Two former Twitter employees and Saudi national charged as agents of Saudi Arabia
- Two of the defendants Alzabarah and Abouammo are former Twitter employees who violated their terms of employment
- Alzabarah, 35, of Saudi Arabia, and Abouammo, 41, of Seattle, Washington, were Twitter employees
- The complaint alleges that Abouammo was compensated for his illicit conduct
Ali Alzabarah, Ahmad Abouammo, and Ahmed Almutairi, aka Ahmed Aljbreen, were charged for their respective roles in accessing private information in the accounts of certain Twitter users and providing that information to officials of the Kingdom of Saudi Arabia.
Topics: TWITTER SAUDI AGENTS
Abouammo was arrested in Seattle, Washington, on November 5, 2019.
All three defendants are charged with acting as illegal agents of a foreign government; and Abouammo also is charged with destroying, altering, or falsifying records in a federal investigation.
“Acting in the United States under the direction and control of Saudi officials, the defendants are alleged to have obtained private, identifying information about users of Twitter who were critical of the Saudi government,” said Assistant Attorney General for National Security John C. Demers.
“Two of the defendants Alzabarah and Abouammo are former Twitter employees who violated their terms of employment to access this information in exchange for money and other benefits.
“Aside from being criminal, their conduct was contrary to the free speech principles on which this country was founded.”
“These charges make clear that the FBI will diligently pursue those who show a blatant disregard for the laws and democratic principles that define us as a country," said Executive Assistant Director Jay Tabb of the FBI’s National Security Branch.
“We will continue to use all of the tools at our disposal to carry out our mission.
“I would like to thank the men and women of the FBI's San Francisco and Seattle Field Offices as well as the Counterintelligence Division for their tireless commitment to bring these individuals to justice.”
“The FBI will not stand by and allow foreign governments to illegally exploit private user information from U.S. companies.
“These individuals are charged with targeting and obtaining private data from dissidents and known critics, under the direction and control of the government of Saudi Arabia,” said FBI Special Agent in Charge John F. Bennett.
“Insider threats pose a critical threat to American businesses and our national security.”
Alzabarah, 35, of Saudi Arabia, and Abouammo, 41, of Seattle, Washington, were Twitter employees.
According to the complaint, between November of 2014 and May of 2015, Almutairi, 30, of Saudi Arabia, and foreign officials of the Kingdom of Saudi Arabia convinced Abouammo and Alzabarah to use their employee credentials to gain access without authorization to certain nonpublic information about the individuals behind certain Twitter accounts.
Specifically, representatives of the Kingdom of Saudi Arabia and the Saudi Royal Family sought the private information of Twitter users who had been critical of the regime.
Such private user information included their email addresses, phone numbers, IP addresses, and dates of birth.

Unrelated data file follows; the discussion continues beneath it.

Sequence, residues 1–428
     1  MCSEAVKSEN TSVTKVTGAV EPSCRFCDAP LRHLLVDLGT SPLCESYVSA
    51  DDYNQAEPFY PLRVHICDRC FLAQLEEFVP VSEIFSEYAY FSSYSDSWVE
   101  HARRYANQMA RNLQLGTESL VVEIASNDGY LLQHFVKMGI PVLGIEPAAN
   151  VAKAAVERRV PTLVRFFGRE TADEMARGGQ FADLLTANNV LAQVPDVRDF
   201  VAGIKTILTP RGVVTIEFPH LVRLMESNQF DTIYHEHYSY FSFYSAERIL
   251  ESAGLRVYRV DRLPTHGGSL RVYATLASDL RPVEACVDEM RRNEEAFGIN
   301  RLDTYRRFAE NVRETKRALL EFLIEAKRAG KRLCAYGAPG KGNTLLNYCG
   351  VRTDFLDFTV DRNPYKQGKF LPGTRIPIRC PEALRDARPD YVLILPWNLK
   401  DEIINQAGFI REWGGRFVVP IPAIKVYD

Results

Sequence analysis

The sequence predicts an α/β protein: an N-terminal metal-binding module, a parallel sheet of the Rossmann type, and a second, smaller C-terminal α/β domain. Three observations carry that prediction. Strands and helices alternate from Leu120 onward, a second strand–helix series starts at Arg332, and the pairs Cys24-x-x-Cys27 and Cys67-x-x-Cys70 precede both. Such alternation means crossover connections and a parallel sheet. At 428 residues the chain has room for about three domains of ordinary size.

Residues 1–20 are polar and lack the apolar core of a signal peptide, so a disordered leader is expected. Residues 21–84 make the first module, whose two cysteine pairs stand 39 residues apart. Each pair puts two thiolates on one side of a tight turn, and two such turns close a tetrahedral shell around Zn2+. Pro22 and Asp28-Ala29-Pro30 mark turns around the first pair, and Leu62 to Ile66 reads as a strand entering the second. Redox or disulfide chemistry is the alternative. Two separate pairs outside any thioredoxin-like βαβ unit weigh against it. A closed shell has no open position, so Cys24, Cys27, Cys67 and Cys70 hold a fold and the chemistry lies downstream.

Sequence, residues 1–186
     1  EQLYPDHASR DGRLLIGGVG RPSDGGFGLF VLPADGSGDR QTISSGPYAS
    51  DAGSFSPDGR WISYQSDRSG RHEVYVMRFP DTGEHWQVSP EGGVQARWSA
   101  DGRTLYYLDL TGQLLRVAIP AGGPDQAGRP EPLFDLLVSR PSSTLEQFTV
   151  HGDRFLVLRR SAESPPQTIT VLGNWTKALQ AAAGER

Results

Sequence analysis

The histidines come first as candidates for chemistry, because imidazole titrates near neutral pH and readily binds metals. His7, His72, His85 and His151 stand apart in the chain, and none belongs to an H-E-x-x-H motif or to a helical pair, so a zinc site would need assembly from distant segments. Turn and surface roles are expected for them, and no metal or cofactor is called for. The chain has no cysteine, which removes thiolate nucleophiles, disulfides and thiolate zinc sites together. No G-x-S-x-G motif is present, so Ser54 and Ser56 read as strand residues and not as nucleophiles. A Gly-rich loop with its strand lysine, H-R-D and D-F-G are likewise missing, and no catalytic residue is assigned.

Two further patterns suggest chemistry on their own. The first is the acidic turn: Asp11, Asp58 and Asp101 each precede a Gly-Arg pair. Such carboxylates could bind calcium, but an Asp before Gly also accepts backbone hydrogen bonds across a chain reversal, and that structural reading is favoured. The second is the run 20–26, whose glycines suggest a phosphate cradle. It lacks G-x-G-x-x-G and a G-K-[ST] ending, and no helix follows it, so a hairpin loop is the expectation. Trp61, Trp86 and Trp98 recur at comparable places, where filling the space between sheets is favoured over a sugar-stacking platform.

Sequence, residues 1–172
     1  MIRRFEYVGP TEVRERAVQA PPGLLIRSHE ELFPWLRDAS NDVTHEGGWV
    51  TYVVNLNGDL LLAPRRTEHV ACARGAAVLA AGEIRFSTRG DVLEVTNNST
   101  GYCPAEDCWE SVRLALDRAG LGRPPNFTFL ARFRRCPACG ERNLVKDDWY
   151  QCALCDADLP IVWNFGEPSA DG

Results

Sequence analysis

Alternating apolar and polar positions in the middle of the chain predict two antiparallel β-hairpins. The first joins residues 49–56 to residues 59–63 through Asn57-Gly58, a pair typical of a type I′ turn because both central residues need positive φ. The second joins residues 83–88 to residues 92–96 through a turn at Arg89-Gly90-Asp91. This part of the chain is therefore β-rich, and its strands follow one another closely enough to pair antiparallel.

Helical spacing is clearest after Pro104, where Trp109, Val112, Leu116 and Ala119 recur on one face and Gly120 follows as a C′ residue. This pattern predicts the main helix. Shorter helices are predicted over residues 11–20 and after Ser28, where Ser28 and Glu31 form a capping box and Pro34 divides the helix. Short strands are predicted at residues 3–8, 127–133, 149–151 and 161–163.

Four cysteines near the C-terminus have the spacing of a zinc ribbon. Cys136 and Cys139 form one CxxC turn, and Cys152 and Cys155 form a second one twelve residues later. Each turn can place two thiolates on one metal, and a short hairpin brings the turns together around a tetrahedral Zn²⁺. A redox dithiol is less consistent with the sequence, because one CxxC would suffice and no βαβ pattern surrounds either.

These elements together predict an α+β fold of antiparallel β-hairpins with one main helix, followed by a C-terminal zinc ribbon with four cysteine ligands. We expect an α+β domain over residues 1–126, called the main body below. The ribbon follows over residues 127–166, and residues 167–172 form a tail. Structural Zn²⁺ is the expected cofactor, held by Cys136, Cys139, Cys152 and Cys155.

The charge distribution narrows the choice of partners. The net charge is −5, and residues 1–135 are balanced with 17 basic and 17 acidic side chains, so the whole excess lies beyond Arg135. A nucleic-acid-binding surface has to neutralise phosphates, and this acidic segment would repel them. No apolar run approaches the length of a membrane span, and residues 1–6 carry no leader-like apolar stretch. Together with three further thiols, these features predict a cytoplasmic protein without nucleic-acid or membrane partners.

This information could have been used to identify and locate the Twitter users who published these posts.
The complaint alleges that Abouammo was compensated for his illicit conduct, including through the provision of a luxury watch and cash.
Almutairi is alleged to have arranged meetings, acted as a go-between, and facilitated communications between the Saudi government and the other defendants.
The complaint also contains allegations regarding the reaction of Alzabarah upon being confronted by Twitter about his violations of Twitter policy.
According to the complaint, when Alzabarah was confronted by Twitter’s management about accessing users’ information, he sought assistance from Almutairi and others to flee the United States.
Alzabarah left the country the next day and submitted his resignation from Twitter by email while en route.
Shortly after his return to Saudi Arabia, Alzabarah obtained employment through which he continued to work on behalf the Kingdom.
With respect to Abouammo, the complaint alleges FBI agents confronted him in October 2018 about his activities on behalf of officials of the Kingdom of Saudi Arabia.
In response, Abouammo allegedly lied to the agents and provided them with a falsified invoice in an effort to obstruct the investigation.
Abouammo was arrested in Seattle, Washington, on Nov. 5, 2019, and made his initial federal court appearance in Seattle at 2:00 p.m.on Nov. 6, 2019.
Alzabarah and Almutairi are believed to be in Saudi Arabia.
Federal warrants have been issued for their arrest.
A complaint merely alleges that crimes have been committed, and all defendants are presumed innocent until proven guilty beyond a reasonable doubt.
If convicted, all three defendants face maximum statutory sentence of 10 years in prison and a $250,000 fine for acting as an agent of a foreign government without notification to the Attorney General, in violation of 18 U.S.C. § 951.
In addition, Abouammo faces an additional 20 years in prison and a $250,000 fine for destroying, altering, or falsifying records, in violation of 18 U.S.C. § 1519.
Further, the court may order restitution, if appropriate, and additional periods of supervised release.
However, any sentence following conviction would be imposed by the court only after consideration of the U.S. Sentencing Guidelines and the federal statute governing the imposition of a sentence, 18 U.S.C. § 3553. ■